A Discloser can choose to remain anonymous while making a disclosure, over the course of the investigation and after the investigation is finalised. Also, a Discloser can refuse to answer questions that they feel could reveal their identity at any time, including during follow-up conversations. If a Discloser wishes to remain anonymous, they should maintain ongoing two-way communication with Hays Australia, so that Hays can ask follow-up questions or provide feedback.
Measures that Hays Australia may use to protect a Discloser’s anonymity could include:
- Communication with a Discloser could be through the Safecall service or anonymised email addresses
- A Discloser may adopt, or be provided with, a pseudonym for the purpose of their disclosure. This may be appropriate in circumstances where the Discloser’s identity is known to the Whistleblower Investigation Officer but prefers not to disclose their identity to others.
Public Interest Disclosures and Emergency Disclosures
A Discloser may make a Qualifying Disclosure to a journalist or parliamentarian under certain circumstances, known as a ‘public interest disclosure’ or ‘emergency disclosure’, and qualify for protection. It is important to understand the criteria for making a public interest or emergency disclosure which is set out below.
A ‘public interest disclosure’ is the disclosure of information to a journalist or a parliamentarian, where:
- At least 90 days have passed since the discloser made the disclosure to ASIC, APRA or another Commonwealth body prescribed by regulation
- The discloser does not have reasonable grounds to believe that action is being, or has been taken, in relation to their disclosure
- The discloser has reasonable grounds to believe that making a further disclosure of the information is in the public interest
- Before making the public interest disclosure, the discloser has given written notice to the body to which the previous disclosure was made that:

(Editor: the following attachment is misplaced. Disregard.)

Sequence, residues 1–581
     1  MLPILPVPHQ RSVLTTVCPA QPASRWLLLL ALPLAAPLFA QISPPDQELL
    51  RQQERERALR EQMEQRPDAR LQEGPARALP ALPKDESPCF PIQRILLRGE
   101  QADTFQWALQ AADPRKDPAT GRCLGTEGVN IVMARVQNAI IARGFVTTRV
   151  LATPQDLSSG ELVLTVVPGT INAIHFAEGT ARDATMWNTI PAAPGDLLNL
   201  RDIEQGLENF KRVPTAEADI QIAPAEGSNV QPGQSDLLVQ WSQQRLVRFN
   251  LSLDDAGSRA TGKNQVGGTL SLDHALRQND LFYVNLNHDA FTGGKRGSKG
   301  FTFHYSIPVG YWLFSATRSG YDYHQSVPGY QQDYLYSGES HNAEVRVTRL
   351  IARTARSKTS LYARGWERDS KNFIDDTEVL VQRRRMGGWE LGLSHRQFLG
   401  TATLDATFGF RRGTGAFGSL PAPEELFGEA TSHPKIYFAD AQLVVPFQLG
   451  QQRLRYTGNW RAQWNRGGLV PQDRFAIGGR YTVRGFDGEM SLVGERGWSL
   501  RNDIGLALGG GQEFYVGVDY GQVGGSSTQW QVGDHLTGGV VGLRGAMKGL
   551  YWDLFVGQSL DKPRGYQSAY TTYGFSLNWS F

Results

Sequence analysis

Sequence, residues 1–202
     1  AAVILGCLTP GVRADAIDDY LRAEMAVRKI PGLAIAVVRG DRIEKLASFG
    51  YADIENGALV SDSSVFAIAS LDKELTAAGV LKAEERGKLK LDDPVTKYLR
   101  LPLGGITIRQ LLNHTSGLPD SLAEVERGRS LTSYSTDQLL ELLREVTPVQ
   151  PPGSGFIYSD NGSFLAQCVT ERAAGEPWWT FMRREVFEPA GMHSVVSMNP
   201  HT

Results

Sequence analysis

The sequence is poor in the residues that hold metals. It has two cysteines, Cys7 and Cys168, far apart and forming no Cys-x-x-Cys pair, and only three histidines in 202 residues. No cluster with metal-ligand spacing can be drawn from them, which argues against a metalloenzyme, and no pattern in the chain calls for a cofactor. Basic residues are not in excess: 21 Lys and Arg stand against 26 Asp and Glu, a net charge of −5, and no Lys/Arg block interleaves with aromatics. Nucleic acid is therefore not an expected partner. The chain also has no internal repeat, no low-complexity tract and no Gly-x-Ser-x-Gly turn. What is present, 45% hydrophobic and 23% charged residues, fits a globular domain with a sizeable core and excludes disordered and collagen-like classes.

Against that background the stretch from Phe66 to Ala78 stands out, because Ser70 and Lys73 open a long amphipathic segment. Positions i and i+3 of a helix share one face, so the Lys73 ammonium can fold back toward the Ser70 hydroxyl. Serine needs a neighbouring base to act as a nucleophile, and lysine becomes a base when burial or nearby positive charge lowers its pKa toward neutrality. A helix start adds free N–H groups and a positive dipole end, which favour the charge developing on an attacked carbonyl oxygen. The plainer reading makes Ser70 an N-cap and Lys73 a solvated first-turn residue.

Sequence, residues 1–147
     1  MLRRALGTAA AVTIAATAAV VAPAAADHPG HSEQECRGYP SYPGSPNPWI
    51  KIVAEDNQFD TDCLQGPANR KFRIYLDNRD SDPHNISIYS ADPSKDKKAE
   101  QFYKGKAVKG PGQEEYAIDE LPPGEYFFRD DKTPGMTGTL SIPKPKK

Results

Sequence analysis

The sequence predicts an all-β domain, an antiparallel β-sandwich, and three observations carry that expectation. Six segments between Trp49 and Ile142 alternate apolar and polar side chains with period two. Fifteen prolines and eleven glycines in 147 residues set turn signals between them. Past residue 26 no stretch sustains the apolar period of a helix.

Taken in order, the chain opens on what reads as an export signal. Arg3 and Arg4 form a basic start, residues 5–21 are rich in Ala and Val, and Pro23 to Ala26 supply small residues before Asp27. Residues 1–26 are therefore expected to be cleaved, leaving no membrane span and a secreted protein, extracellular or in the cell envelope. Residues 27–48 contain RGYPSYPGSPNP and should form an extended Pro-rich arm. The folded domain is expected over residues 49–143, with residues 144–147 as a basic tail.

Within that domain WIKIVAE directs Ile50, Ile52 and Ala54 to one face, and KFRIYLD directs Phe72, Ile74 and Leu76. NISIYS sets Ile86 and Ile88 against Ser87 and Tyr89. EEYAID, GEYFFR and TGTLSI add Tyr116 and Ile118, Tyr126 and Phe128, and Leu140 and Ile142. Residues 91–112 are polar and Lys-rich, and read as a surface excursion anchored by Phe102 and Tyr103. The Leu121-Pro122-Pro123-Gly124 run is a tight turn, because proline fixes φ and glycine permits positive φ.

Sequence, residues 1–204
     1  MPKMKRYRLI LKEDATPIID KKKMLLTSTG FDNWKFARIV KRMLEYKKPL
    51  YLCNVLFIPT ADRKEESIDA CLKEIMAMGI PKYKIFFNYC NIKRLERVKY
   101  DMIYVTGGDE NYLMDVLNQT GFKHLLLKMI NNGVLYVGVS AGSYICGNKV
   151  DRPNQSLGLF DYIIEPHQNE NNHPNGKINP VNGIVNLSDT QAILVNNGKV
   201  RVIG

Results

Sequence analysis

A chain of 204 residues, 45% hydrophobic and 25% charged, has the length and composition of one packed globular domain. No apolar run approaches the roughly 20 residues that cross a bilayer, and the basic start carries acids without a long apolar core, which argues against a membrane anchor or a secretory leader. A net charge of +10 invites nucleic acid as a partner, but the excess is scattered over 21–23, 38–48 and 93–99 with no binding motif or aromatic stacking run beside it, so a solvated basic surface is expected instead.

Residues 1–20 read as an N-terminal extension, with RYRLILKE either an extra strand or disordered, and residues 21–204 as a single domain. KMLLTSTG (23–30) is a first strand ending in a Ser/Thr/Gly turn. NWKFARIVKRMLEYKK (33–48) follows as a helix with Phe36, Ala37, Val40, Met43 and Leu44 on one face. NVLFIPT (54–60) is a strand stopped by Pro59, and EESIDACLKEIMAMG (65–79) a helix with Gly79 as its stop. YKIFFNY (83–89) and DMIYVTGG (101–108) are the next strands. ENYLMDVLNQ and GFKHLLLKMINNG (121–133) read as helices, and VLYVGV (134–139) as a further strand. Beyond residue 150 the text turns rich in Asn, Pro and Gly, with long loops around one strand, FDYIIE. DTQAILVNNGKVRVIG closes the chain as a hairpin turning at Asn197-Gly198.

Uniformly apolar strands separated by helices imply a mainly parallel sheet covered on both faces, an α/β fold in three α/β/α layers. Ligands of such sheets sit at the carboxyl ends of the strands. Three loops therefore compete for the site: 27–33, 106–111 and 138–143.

- Includes sufficient information to identify the previous disclosure
- States that the discloser intends to make a public interest disclosure
- An ‘emergency disclosure’ is the disclosure of information to a journalist or parliamentarian, where:
- The discloser has previously made a disclosure of the information to ASIC, APRA or another Commonwealth body prescribed by regulation
- The discloser has reasonable grounds to believe that the information concerns a substantial and imminent danger to the health or safety of one or more persons or to the natural environment
- Before making the emergency disclosure, the discloser has given written notice to the body to which the previous disclosure was made that:
- Includes sufficient information to identify the previous disclosure
- States that the discloser intends to make an emergency disclosure
- The extent of the information disclosed in the emergency disclosure is no greater than is necessary to inform the journalist or parliamentarian of the substantial and imminent danger
Please note that a disclosure must have previously been made to ASIC, APRA or a prescribed body and written notice provided to the body to which the disclosure was made before making a public interest or emergency disclosure. Further, in the case of a public interest disclosure, at least 90 days must have passed since the previous disclosure.
Hays’ investigation of a Qualifying Disclosure